- The U.S. Army Corps of Engineers has published a final rule reissuing its Clean Water Act Nationwide Permits (NWPs) with some modifications. The NWP program is designed to provide streamlined permitting for certain activities in jurisdictional waters and wetlands that have no more than minimal adverse environmental impacts.
- With the new rule, the NWP program now includes the 50 existing NWPs, two new NWPs and one new general condition.
- The effective date for the new and reissued NWPs is March 19, 2017. They are valid for five years and will expire on March 18, 2022.
The U.S. Army Corps of Engineers (Corps) on Jan. 6, 2017, published a final rule reissuing its Clean Water Act Nationwide Permits (NWPs) with some modifications (88 Fed. Reg. 1860).
The NWP program authorizes streamlined permits for certain categories of activities that require Department of the Army authorization under Section 404 of the Clean Water Act and/or Section 10 of the Rivers and Harbors Act of 1899. With the new rule, the NWP program now includes the 50 existing NWPs, two new NWPs (authorizing the removal of low-head dams as well as the construction and maintenance of living shorelines) and one new general condition (requiring verification related to structures or works built by the United States).
The effective date for the new and reissued NWPs is March 19, 2017. These NWPs are valid for five years and will expire on March 18, 2022.
Background of NWP Rule
The NWP program is designed to regulate with little, if any, delay or paperwork certain activities in jurisdictional waters and wetlands that have no more than minimal adverse environmental impacts. The program has been critical in streamlining the permitting of a variety of activities, such as commercial and residential development, utility line crossings, maintenance work, road crossings, mining, stream and wetland restoration activities, and agricultural activities that meet the program's requirements. As noted by the Corps, one of the main benefits of the NWP program is that it encourages project proponents to design their projects within the scope of the NWPs and thereby minimize impacts to waters of the United States. However, the program has been under fire from environmental groups for being overbroad and failing to adequately consider cumulative effects.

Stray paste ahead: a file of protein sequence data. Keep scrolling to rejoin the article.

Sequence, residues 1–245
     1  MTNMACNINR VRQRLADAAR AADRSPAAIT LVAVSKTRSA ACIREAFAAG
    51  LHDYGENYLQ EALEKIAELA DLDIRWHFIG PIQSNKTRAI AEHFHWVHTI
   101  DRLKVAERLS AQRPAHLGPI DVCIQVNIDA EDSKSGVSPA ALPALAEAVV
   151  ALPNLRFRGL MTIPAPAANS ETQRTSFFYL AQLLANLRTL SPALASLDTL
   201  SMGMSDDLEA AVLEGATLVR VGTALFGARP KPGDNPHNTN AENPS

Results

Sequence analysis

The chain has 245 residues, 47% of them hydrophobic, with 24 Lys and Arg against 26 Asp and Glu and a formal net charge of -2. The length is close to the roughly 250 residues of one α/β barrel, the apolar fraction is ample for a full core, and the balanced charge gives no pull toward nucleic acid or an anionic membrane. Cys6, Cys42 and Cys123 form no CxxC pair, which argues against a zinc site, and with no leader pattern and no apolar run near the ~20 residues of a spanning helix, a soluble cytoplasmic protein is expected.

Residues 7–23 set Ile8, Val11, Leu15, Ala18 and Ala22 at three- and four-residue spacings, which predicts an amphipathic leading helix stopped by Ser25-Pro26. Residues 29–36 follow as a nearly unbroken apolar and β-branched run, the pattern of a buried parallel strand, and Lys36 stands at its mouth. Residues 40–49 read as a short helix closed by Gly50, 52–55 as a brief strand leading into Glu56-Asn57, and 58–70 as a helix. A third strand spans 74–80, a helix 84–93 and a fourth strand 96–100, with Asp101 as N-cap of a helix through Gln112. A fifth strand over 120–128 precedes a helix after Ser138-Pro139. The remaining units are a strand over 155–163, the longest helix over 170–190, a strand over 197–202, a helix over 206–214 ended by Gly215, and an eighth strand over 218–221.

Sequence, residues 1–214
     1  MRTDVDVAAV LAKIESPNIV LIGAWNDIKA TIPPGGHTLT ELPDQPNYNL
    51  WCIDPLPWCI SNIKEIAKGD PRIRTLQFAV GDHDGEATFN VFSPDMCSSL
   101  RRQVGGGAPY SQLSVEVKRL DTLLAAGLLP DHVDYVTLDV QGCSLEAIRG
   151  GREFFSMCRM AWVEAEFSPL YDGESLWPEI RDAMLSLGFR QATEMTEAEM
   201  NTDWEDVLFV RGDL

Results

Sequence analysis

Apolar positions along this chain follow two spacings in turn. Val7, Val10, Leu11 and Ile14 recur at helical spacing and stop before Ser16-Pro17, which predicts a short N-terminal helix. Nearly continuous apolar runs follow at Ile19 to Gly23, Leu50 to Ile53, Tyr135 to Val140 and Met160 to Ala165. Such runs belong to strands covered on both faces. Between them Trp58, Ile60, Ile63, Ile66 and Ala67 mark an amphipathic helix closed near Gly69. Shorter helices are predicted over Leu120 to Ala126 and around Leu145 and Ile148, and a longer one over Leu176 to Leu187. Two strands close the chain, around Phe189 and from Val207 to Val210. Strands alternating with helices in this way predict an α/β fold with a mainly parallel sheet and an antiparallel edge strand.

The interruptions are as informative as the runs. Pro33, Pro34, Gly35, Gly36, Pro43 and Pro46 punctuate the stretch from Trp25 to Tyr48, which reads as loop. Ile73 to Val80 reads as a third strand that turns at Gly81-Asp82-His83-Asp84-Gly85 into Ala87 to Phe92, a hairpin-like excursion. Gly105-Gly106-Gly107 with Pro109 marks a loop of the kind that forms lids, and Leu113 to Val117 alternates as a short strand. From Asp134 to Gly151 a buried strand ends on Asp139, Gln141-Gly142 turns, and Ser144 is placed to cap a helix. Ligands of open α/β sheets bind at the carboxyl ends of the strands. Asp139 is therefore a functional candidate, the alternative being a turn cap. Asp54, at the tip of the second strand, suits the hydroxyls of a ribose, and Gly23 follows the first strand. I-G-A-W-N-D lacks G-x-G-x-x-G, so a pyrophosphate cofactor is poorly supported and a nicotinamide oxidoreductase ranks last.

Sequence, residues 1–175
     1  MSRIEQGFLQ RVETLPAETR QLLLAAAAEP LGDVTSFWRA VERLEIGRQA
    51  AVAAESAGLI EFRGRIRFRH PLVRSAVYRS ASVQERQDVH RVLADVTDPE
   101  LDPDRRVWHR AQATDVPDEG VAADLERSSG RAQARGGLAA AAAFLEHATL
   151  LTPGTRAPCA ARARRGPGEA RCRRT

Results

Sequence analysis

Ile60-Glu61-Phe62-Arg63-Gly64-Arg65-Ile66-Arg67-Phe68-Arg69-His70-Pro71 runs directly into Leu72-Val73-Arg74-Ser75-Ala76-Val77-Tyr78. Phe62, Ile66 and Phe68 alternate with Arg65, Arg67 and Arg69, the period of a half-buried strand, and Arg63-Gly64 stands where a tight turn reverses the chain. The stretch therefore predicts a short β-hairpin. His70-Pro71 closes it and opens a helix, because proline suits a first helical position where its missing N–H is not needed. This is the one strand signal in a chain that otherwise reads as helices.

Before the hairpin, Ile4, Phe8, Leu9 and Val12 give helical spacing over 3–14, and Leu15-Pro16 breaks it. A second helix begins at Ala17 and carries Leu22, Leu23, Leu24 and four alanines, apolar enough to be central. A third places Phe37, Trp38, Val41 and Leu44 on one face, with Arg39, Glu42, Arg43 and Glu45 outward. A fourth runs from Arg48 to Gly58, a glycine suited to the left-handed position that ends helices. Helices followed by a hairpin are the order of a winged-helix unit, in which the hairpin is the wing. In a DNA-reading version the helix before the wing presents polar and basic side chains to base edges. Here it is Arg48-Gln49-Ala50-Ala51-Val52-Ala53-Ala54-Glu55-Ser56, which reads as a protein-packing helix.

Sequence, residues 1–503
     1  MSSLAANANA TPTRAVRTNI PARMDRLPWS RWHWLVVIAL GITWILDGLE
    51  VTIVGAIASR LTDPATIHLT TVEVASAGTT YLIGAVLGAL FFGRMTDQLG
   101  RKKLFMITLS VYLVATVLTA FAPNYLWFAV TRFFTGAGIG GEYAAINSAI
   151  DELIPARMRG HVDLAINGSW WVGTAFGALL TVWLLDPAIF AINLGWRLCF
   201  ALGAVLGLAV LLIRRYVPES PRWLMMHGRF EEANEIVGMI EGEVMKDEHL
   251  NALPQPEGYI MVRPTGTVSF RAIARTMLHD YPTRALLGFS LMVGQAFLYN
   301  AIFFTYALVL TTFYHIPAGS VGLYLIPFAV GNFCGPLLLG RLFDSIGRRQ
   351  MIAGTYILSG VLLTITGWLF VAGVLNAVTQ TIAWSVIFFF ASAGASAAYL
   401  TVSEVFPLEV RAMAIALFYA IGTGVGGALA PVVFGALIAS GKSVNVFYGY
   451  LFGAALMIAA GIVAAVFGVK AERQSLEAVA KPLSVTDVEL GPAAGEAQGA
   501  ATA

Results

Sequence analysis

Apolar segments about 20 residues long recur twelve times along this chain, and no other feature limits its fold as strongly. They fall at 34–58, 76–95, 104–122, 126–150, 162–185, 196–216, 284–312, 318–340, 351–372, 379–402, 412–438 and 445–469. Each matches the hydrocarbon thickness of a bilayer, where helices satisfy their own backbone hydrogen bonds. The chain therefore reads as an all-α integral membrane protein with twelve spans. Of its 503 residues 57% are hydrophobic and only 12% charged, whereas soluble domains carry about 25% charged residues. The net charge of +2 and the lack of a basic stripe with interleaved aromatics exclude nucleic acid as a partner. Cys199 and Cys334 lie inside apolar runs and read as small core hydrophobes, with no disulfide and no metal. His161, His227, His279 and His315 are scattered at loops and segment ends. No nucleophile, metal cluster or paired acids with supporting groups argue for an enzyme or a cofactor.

In issuing the rule, the Corps defended the NWP program and its environmental analysis, explaining that there are three layers of analysis: the national scale cumulative impact assessment in accordance with the National Environmental Policy Act (NEPA) conducted by Corps headquarters for each NWP, supplemental decision documents by each region and individual project review through the preconstruction notices, where required. Following this rule, division engineers will conduct supplemental review and add regional conditions to these NWPs to ensure that, on a regional basis, these NWPs authorize only activities that have no more than minimal individual and cumulative adverse environmental effects. Additionally, states will conduct their Clean Water Act Section 401 water quality certification and Coastal Zone Management Act consistency determinations within 60 and 90 days, respectively, from the final rule.